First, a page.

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Is Artificial Intelligence Helping China Spy on Its

China has constructed the largest and most automated system for
surveillance of its citizens ever seen in human history.

By Greg Austin
February 11, 2015


China has a right to access globally available intellectual property on artificial

intelligence (AI) by legal means. It also contributes to the global fund of knowledge
on AI. In May 2014, Chinas search engine giant, Baidu, recruited Hong Kong born
Andrew Ng, the head of Google Brain, to head its AI research. Chinese researchers
are among the worlds leaders in this field.
But if recent observations by Bill Gates and Stephen Hawking are right, that
artificial intelligence presents a threat to society in general, is that threat any
greater or less in the case of China? If it is greater, is there any merit in considering
export controls on artificial intelligence software and systems to China? What is the
most effective policy response to Chinas acquisition of advanced AI technology?
China has constructed the largest and most automated system for surveillance of its
citizens ever seen in human history. As argued in my book, Cyber Policy in China,
when it comes to choosing between e-democracy and i-dictatorship, the Chinese
government has opted for the latter. China is already using highly automated
systems for taking down internet traffic that it deems offensive. It has constructed a
national database of all of its citizens, and it is building key grid-by-grid locality
surveillance maps, including residency data, for sensitive parts of the country (such
as Beijing and Lhasa). While the surveillance task China has set itself is for now
beyond its technological means, a rapid development and application of AI to
political censorship and surveillance by China could shift the current balance of
power between Chinese netizens and their government heavily in favor of the latter.
The more famous gainsayers of artificial intelligence have not documented their
concerns in any detail.Hawking went so far as to suggest it might spell the end of
the human race. It would be a brave futurist who would attempt an assessment. But

think what AI will come to mean in Chinas case as long as the government
continues to improve the automation of its regime of i-dictatorship.
Moreover, we can see a deepening pattern of cooperation between U.S. firms and
U.S. investors in applying advanced AI to Chinas security state. Apart from various
law suits by various plaintiffs against major U.S. technology companies for
supporting the repression of human rights in China through provision of related
information technology, we need to only look to a web post about the 2013 China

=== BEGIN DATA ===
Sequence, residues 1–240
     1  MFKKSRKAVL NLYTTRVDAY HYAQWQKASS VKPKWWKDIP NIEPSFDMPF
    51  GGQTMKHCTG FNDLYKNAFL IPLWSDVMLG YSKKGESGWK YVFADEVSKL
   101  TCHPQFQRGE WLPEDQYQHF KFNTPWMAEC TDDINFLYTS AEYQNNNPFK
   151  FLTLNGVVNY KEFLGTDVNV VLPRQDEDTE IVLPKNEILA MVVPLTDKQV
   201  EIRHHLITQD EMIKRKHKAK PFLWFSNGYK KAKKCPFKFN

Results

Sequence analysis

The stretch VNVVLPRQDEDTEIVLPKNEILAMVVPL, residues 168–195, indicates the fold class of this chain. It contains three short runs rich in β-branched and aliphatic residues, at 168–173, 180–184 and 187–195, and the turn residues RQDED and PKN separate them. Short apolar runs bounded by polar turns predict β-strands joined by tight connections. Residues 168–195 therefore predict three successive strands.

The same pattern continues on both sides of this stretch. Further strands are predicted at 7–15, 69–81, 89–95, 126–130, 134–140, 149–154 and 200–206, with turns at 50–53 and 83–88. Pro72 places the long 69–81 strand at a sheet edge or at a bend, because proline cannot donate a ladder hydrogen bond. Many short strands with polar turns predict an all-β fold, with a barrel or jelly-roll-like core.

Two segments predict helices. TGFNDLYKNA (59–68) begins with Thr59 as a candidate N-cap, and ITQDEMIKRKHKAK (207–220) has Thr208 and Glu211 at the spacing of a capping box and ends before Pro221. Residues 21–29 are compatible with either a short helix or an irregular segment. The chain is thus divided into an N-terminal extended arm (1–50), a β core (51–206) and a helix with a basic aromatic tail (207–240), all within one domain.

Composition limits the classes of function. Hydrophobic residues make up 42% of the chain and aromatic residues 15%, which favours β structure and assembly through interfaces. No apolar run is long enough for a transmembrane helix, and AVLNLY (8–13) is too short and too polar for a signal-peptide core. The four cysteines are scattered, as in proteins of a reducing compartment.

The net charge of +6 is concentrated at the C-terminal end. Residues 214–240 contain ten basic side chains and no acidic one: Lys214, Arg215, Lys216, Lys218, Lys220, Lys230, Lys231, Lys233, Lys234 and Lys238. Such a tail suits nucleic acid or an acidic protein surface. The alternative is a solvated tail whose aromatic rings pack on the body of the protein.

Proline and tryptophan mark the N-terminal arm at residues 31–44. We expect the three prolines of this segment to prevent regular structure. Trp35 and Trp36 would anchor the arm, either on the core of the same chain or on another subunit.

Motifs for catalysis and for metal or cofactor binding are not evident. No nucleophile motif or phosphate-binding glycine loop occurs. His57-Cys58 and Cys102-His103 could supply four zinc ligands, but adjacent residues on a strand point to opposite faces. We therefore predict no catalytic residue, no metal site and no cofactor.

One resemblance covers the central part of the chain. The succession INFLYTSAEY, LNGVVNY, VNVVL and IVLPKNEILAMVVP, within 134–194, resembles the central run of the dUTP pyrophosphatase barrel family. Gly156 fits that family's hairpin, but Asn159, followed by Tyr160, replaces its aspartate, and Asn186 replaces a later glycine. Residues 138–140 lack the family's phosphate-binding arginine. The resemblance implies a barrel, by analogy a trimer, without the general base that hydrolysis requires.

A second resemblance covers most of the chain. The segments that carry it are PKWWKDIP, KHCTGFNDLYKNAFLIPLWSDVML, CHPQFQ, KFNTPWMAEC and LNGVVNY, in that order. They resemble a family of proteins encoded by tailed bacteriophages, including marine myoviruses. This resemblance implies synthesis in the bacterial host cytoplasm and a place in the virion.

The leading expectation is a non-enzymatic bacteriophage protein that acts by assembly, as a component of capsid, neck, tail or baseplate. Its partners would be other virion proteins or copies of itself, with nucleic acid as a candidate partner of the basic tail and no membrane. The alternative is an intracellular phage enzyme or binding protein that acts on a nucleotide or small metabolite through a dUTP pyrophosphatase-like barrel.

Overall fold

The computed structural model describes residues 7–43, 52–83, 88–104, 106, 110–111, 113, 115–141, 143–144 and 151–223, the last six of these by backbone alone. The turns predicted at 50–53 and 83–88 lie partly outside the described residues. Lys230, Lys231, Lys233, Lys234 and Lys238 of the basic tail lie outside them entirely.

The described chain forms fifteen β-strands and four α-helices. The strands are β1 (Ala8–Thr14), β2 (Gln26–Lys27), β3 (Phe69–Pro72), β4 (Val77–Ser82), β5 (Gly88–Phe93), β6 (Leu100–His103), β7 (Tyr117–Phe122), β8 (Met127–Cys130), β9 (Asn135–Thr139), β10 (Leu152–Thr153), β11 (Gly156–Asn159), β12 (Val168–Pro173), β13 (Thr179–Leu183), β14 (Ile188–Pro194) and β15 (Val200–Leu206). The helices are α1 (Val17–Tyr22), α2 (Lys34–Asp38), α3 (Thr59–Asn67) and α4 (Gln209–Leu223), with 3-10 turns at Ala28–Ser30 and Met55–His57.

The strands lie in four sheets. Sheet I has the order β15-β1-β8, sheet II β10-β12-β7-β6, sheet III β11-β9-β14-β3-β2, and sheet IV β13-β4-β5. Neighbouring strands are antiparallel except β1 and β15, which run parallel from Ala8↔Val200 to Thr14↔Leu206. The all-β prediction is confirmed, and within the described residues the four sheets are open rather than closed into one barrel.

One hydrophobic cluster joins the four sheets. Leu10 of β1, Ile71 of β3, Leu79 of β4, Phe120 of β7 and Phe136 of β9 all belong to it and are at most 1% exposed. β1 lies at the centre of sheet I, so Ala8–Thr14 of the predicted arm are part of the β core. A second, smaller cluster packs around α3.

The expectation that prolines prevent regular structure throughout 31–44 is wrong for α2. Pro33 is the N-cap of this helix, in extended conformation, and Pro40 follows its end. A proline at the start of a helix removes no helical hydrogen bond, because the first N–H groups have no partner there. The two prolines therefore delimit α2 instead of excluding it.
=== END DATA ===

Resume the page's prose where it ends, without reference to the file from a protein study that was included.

Security Expo to begin to see the dire long term evolution of Chinas security state,
ably assisted by free enterprise of the West. This one post reveals collaboration
between two New York Stock Exchange listed companies (one Chinese and one
American) collaborating in application of AI in developing and selling surveillance
technologies. The post reads: the Intelligent Video Surveillance System is the
perfect combination of artificial intelligence and computer vision. And that is only
this decades AI-supported surveillance technology.
Once upon a time, a classic U.S. response to this sort of problem would be to
control exports of sensitive AI technology to China. Well the AI genie is out of the
bottle, out of the lab and the country. It was never wholly American to begin with.
It is now a global enterprise, and a free one at that.
As we in the advanced democracies debate the impact of heightened AI-assisted
mass surveillance at home in the name of defeating terrorism (the metadata
privacy issue), we need to begin to include consideration of the China case and,
separately, the future of AI in our debates. There is now a global challenge of newly
empowered surveillance states being able to more rapidly enhance their power
because of our support for their commercial adaptation of AI-assisted surveillance
Governments in advanced democracies and their citizens should be alarmed that
the window of opportunity for defeating automated mass surveillance in police
states is closing, and each advance in AI is setting the pace for that fading
There are policy responses available. For example, concerned actors outside China
could usefully step up their dialogue with officials and civil society activists on the
ethics of the information age. The Ministry of Public Security in China and its
related universities need to be targeted aggressively on issues of AI ethics. But that
is just one line of policy. We need a comprehensive analysis of this problem and
widespread, robust engagement across all aspects of this issue if we are to stop
advances in AI making the Chinese surveillance state the successful i-dictatorship
its leaders want it to be.